people swimming in a poolStroke is a leading cause of disability and the fourth most prevalent cause of death in the United States today. Experts say that exercise should be a part of treatment for stroke survivors. Incorporating exercise into a post-stroke treatment plan can help patients overcome many of the barriers to recovery like depression and fatigue. Scientists emphasize that the key to effective, exercise-based treatment is tailoring the program to an individual’s needs.

The report’s authors explain that exercise is a structured type of physical activity with planned, repetitive tasks that support physical fitness. Making exercise part of a patient’s prescription for stroke recovery is important. The authors recommend that clinicians should:

  • Create exercise plans with individuals in mind. Clinicians must consider the patient’s recovery, environment, physical limitations, and activity preferences.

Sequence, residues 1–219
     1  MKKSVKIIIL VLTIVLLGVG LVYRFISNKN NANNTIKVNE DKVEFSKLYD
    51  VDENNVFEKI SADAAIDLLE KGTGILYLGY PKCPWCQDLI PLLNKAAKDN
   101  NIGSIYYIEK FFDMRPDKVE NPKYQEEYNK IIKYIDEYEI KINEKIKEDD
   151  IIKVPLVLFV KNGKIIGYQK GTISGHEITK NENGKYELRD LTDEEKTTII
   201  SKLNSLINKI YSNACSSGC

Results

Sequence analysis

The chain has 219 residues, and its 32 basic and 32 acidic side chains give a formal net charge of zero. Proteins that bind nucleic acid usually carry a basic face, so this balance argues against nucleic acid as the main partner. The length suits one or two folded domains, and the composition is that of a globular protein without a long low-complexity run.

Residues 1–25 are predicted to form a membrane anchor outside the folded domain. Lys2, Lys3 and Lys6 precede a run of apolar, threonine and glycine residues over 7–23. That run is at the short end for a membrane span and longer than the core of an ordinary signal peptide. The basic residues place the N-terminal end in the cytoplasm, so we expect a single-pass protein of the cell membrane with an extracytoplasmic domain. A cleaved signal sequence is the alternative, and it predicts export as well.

• Limit bed rest after a stroke. Patients should start sitting and standing immediately.

  • Suggest an exercise program that helps the patient regain or exceed his or her former activity level.

  • Incorporate strength training, balance, flexibility, and aerobic exercise into the prescription.

  • Schedule 20 to 60 minutes of activity. If a patient cannot exercise that much at one time, the exercise can be in 10 to 15 minute blocks.

Exercise prescriptions can reduce the risk of disability and of recurrent stroke in survivors. Exercise also ameliorates many conditions associated with stroke recovery like depression, decreased cognitive functioning, and impaired memory.

It can be difficult for stroke survivors to exercise. They may lack motivation or social support. They may not be able to afford an appropriate exercise program, but even simple exercises support recovery. Stroke patients can walk around their neighborhood or even do household chores to get themselves moving.

According to lead author Sandra Billinger, PT, PhD, “They key to exercise is that it only works if done consistently. Anything is better than just sitting on the couch.”

This research is published in the journal Stroke.

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